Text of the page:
Four Thoughts on Connecticut vs. MarylandPosted by mlemaire on November 9th, 2013
Four Thoughts is our way of providing some rapid reactions to key games throughout the season.
- Connecticut should consider itself very lucky to be walking out of the Barclays Center with a win because they did everything possible down the stretch to hand last night’s game to Maryland. First Shabazz Napier picked up a silly technical foul that seemingly woke the Terrapins up and then he fouled out with barely 90 seconds left and his team clinging to a slim lead. Boatright and Napier’s replacement Terrence Samuel both had chances in the final 30 seconds to at least ensure the Terps couldn’t beat them in one possession, but both missed the front end of one-and-ones and were lucky enough to survive some wild shots from Dez Wells in order to win the game. It’s a big win on a neutral court, the type of win that might make a big difference in March, and the Terps are a good and talented basketball team. But UConn is not going to be able to get away with that kind of second half letdown very often. Let’s not jump to conclusions after only one game because the Huskies will have plenty of time to work on their late-game strategies, but that was just as close to being an embarrassing loss as it was a statement win.
- Shabazz Napier and Ryan Boatright better be in great shape because those two are going to play a lot of minutes for the Huskies this season. They should be used to it, since both of them averaged more than 36 minutes per game last season, but Napier played 33 minutes last night and Boatright played 37. The Huskies have some patsies on the schedule so the duo will get a chance to rest, but head coach Kevin Ollie would be wise to keep an eye on their minutes as they are way too valuable to the team’s success to be worn down when the games matter the most. The two combined to use nearly 50 percent of their team’s possessions last season and it wouldn’t be a stretch to assume those percentages were similar last night. Boatright didn’t shoot the ball well but he and Napier were still the best two players on the floor (apologies to Maryland’s Wells) and how they play will ultimately determine how UConn fares as a team.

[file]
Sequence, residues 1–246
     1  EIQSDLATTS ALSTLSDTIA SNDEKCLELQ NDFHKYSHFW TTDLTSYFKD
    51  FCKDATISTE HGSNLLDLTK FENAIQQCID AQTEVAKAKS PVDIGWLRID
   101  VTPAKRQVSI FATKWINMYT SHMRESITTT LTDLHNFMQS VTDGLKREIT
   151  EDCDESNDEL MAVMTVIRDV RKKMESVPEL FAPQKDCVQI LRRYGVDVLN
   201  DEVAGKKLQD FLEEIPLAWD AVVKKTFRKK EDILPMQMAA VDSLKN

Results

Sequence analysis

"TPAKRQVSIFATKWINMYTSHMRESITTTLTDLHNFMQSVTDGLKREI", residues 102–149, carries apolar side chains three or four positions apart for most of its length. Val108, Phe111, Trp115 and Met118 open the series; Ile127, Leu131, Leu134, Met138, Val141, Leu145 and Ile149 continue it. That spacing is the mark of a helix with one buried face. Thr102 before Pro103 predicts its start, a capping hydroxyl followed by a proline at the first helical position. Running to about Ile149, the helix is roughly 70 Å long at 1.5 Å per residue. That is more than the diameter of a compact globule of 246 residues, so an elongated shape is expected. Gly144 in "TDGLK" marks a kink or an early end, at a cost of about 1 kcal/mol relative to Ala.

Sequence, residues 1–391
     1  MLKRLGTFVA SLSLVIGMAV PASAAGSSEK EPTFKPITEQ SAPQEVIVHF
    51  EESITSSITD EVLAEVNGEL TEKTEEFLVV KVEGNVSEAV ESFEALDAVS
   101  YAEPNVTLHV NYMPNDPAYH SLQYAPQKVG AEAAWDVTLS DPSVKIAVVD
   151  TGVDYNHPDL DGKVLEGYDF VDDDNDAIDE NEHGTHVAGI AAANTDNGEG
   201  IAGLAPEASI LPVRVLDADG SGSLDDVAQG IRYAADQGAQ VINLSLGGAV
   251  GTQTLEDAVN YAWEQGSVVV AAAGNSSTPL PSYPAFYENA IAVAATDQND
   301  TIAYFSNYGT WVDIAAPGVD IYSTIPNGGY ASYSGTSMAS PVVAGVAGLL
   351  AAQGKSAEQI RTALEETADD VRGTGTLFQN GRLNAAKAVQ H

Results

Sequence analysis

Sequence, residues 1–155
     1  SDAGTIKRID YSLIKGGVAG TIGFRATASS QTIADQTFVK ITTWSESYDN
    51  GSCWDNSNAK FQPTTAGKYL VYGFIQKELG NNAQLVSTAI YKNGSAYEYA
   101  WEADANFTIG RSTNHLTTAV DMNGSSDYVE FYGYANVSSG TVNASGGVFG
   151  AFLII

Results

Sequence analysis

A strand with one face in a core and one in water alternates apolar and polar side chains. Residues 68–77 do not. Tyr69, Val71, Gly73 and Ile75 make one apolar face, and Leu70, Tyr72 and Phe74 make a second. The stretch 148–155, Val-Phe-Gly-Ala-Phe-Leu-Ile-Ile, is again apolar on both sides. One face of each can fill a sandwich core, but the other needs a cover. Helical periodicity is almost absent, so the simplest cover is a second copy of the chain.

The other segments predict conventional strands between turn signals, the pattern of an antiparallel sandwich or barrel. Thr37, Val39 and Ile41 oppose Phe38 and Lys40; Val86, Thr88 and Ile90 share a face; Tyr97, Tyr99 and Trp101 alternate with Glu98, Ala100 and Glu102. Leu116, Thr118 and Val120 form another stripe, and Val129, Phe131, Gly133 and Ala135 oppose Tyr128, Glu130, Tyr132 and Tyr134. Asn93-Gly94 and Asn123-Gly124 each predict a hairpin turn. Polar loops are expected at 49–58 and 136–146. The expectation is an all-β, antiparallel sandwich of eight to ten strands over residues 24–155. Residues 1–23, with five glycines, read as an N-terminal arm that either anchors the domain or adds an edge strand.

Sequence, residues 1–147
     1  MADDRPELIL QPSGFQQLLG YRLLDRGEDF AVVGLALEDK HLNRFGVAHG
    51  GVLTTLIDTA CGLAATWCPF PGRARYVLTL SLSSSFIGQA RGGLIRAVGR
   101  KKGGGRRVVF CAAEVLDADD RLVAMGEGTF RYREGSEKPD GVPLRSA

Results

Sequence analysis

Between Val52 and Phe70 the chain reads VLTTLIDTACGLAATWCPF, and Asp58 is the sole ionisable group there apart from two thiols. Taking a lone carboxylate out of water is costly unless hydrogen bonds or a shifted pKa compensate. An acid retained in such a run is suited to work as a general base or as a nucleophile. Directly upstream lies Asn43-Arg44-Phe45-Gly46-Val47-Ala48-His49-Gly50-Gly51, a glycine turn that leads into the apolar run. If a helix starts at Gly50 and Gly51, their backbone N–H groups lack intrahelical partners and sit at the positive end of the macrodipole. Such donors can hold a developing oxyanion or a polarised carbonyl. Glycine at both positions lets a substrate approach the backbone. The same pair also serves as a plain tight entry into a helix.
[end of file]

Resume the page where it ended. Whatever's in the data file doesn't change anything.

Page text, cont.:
- He will play an important role for UConn this season, but look out for Amida Brimah two or three years from now because he has tremendous potential that was on display last night. He didn’t exact set the world on fire with five points, three blocks, and three rebounds in 15 minutes, but he acquitted himself better than most people expected he would against a good opponent in his first collegiate game. Brimah seemed like a long-term project when he committed and he remains a project now, but he isn’t a project that Ollie will be forced to sit on the bench if only because of his game-changing defensively ability. Yes, he is very long and particularly athletic and coordinated for a young man his size, but if he can play every night with the same motor he played with last night, Ollie will be forced to make him a regular in the rotation. He was a bit overeager at times and will need to make a conscious effort to stay out of foul trouble, but if he can consistently give the Huskies the kind of quality minutes he gave them versus the Terps, the Huskies’ frontcourt won’t be so nerve-wrackingly thin.
- Connecticut was able to survive last night because they Huskies shot the lights out in the first half (52 percent from the field), got contributions from unexpected sources like Niels Giffey (13 points on 5-of-6 shooting) and Lasan Kromah (eight points on 3-of-4 shooting) and got a heroic effort from Napier (18 points, seven rebounds, seven assists, two steals). It probably won’t be the last time the Huskies win a game that way this season but the team’s best complementary pieces — DeAndre Daniels and Omar Calhoun — did not have great games and that won’t cut it as the season progresses. To his credit, Daniels was vital to his team’s success last night and affected the game in a number of different ways. But he didn’t pose much of a threat on the offensive end of the floor and Calhoun did a lot of hoisting from behind the three-point arc without many makes. He won’t have off-shooting nights like that all the time, but a big question entering the season was whether Ollie would find consistency from Daniels and Calhoun, and that question remains after game one.